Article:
Can You Afford Not to Train?
I have heard these lines more than once about the cost of training: “Can we afford to train or can we afford not to train our employees?” Here is an example about the costs of not training:
A common situation during the deployment project definition of new software:
- Vendor’s consultants do not understand the client’s business processes.
- Persons making the definitions for the client are not familiar with the software used.
The main reason for this is that there has not been enough training before starting the definition phase. There might have been some introductions, but not tangible enough ones.
“After a big IT-project, people usually say the same thing: “If I’d understood this in the beginning.”
The cost of not training
Here are a few examples of what kind of problems are encountered if the project team is not trained:
- Vendor’s consultants complain about the client, not understanding. They want to specify the current system to the new software.
- The client complains that the vendor’s consultants do not understand their business. Also, the software is not working as it should be.
- There are unnecessary change requests made because the different logic of the new software is confusing to the client.
- The wrong decisions are made because the consequences of those decisions are not When we get to the testing phase, there will be big repairs.
“Everyone wants to do good work. When they are trained properly, they have a chance at that.”
Trainings in Project
Training the project team is often considered expensive. When training is requested, the reporter will present a few thousand cost estimates, which will be ruled out by the steering group. Or the result is a couple of unclear sessions, the result of which is only wasted time.
Projecttop process guides you to train the right people at the right time. The needs and budget of the training are already defined in the planning phase. So, it is possible to take note of the budget and this avoids a very expensive saving.
Who should we train and when?
The test manager should specify the need for training in the development project. Why that is: if the project group is not trained, testing is the one area that suffers most:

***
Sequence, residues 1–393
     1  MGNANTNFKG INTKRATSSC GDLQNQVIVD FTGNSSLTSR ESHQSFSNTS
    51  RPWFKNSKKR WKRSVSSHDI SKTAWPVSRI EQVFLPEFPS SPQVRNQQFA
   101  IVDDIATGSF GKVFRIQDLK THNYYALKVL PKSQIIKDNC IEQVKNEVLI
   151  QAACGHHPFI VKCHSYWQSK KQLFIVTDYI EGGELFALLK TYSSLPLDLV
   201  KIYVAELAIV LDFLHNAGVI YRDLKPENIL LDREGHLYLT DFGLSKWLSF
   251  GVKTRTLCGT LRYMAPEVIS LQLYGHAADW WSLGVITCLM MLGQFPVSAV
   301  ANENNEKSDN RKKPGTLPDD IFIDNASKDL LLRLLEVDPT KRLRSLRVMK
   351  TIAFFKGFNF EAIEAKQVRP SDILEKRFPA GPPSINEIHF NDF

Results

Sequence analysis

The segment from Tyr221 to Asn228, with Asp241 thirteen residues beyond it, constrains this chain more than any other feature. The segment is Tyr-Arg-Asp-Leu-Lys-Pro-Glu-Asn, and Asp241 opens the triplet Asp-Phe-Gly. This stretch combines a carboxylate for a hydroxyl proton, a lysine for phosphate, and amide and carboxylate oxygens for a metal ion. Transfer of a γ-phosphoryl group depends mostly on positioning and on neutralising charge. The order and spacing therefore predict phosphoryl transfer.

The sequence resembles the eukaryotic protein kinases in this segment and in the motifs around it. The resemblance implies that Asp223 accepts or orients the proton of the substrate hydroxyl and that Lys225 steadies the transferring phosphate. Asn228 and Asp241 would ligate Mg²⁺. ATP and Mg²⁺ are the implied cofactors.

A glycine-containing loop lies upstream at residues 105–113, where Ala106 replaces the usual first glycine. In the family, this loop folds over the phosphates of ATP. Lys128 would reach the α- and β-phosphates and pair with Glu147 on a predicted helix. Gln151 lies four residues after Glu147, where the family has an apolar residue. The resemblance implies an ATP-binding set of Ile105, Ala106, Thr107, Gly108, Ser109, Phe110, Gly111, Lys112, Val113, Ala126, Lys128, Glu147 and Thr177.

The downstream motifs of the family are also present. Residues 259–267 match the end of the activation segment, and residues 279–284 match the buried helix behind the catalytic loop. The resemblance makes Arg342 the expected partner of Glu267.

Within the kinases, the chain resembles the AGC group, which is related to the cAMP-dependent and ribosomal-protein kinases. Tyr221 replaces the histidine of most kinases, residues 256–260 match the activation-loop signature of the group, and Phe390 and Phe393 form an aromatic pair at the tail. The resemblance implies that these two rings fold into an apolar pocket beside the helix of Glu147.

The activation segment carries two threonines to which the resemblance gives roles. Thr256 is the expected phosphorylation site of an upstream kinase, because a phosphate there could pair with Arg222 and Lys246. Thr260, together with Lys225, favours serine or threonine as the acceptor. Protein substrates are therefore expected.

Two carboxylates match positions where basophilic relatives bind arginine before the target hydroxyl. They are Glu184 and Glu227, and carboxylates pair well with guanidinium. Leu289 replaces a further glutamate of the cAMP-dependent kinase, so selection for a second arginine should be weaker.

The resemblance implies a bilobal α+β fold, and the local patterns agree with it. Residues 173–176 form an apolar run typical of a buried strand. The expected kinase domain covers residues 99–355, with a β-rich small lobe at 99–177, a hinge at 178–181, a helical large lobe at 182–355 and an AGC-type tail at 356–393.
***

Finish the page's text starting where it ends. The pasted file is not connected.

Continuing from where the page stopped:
- Unnecessary change requests
- Testing is going nowhere
- The quality of testing is not good
- The quality of the basic information is not adequate
- Motivation takes a big hit
Another reason, why the person responsible for the training and the test manager should be working together, is joint resources. Often the persons from the business who were the best at testing were the best at training too. To avoid overlapping resource reservations, making the plan should be a joint effort. The goals are, after all, shared too.
What can we teach to acceptance testers when time is limited?
When starting the acceptance testing, the introduction to testing should be done lightly. Persons involved usually know their business processes, but preparedness for testing varies. Some of them have tested before, some never. Here are a few comments I’ve had during the years:
- “It’s off-the-shelf software, why do we need testing?”
- “They said to come and find all bugs from that system!”
- “You estimate that there are 157 observations to be found? Why don’t you fix those first? We can test it when it’s ready!”
- “Well I’m so busy at work, I don’t have time to sit around here.”
“Every new person should get a basic knowledge of the system first, before starting testing.”
When time is limited, and there are a lot of things to do, there are some things what the training for future testers should, at least, include:
- Motivate to test – Tell them why we are testing
- How to test and what techniques to use
- Technical part of testing + testing tools
- How to report defects
- Prioritizing defects and handling them
- The process of change requests